Despite effort, fires incinerate chance at title

By Efrain Valdez, Sports Editor

Despite beating a number of California Community College Athletic Association (CCCAA) powerhouse soccer teams like Las Positas College and City College of San Francisco, the soccer team (7-7-4 overall and 3-2-2 in the Bay Valley Conference) was robbed of the opportunity of a state playoff run.

While the Camp Fire ravaged the city of Paradise and the surrounding communities, the smoke from the fire took a toll on air quality in the Bay Area.

That resulted in the team not being able to play their last BVC game against Merritt College due to game cancellations before the regional playoff seeding meeting.

Comet coach Nikki Ferguson said his team was on a roll at the end of the season despite having a stretch during the middle portion when the team lost or drew in five out of six matches.

“Tying against the state champions (Fresno City College), first game of the season was huge. After that, we were dealing with injuries and despite that, we were accomplishing things that we had never accomplished before,” he said.

Those good results against the powerhouse teams, while battling injuries, cemented the idea that CCC was becoming a powerhouse team and could make a deep playoff run.

When CCC was denied the opportunity to make up the final game against Merritt, it made the team regret not getting some crucial results earlier in the season.

“It was unfair that we couldn’t play the last game, but we should have got a better result against Merritt the first time, so we wouldn’t be in that situation,” Comet defender Raul Garcia said.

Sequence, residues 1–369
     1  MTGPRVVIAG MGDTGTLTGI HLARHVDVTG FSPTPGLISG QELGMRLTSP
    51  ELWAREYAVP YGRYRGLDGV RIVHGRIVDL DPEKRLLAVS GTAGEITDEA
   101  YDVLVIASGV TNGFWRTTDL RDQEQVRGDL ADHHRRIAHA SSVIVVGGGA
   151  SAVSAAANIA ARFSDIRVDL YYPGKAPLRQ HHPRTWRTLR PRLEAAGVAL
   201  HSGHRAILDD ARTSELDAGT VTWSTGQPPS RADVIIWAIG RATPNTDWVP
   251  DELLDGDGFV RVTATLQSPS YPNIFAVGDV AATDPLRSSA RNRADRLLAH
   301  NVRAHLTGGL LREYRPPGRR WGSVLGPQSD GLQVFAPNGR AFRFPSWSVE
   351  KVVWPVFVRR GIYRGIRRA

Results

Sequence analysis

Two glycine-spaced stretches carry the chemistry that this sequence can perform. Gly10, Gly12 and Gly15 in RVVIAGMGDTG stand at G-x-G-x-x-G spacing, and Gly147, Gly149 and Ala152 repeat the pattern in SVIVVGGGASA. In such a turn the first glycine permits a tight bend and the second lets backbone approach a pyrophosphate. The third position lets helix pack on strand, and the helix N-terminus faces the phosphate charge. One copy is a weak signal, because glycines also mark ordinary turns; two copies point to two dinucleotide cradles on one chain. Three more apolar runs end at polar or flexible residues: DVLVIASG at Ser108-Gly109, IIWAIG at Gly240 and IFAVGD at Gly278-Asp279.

Ferguson said that the team came into conference play with injuries, but at the midpoint of the BVC schedule, the team was healthy and playing with confidence.

“We were actually healthy. We had a two-week break, got healthy, gained some momentum and the results started to come,” he said.

During the final four games of the season, CCC won three out of four games and into position for a championship clincher against Merritt.

“I felt the situation could have been handled better,” Comet goalkeeper Salvador Rodriguez said about being denied the chance to play in an important game.

For CCC, not making the playoffs was a bitter moment because the team believed they could make a run based on powerful performances against top teams all year.

The Comets knew that they had put a lot of teams on notice throughout the state with their clutch performances.

“The funny thing is, going into the seeding meeting everyone knew we were out. Being friends and colleagues at the same time, they were happy that we were not in (the playoffs) because they knew we were a danger to anybody we played against,” Ferguson said.

Since Ferguson has been at the helm of the squad, he’s instilled an offensive, modern style of soccer, which lifted the level of competition on the team.

“This generation of players, like the modern game and they come in a little savvier than players in the past,” Ferguson said.

He said that this crop of players understands the simple tactics of the game.

“We’ve always had good players, but not all of them have played with a purpose,” Ferguson said.

The Comets were able to succeed with venomous offensive play because this past season was deeper than any team in the past. .

“The intellect that they have as players has made it easier on me and them when making adjustments,” Ferguson said.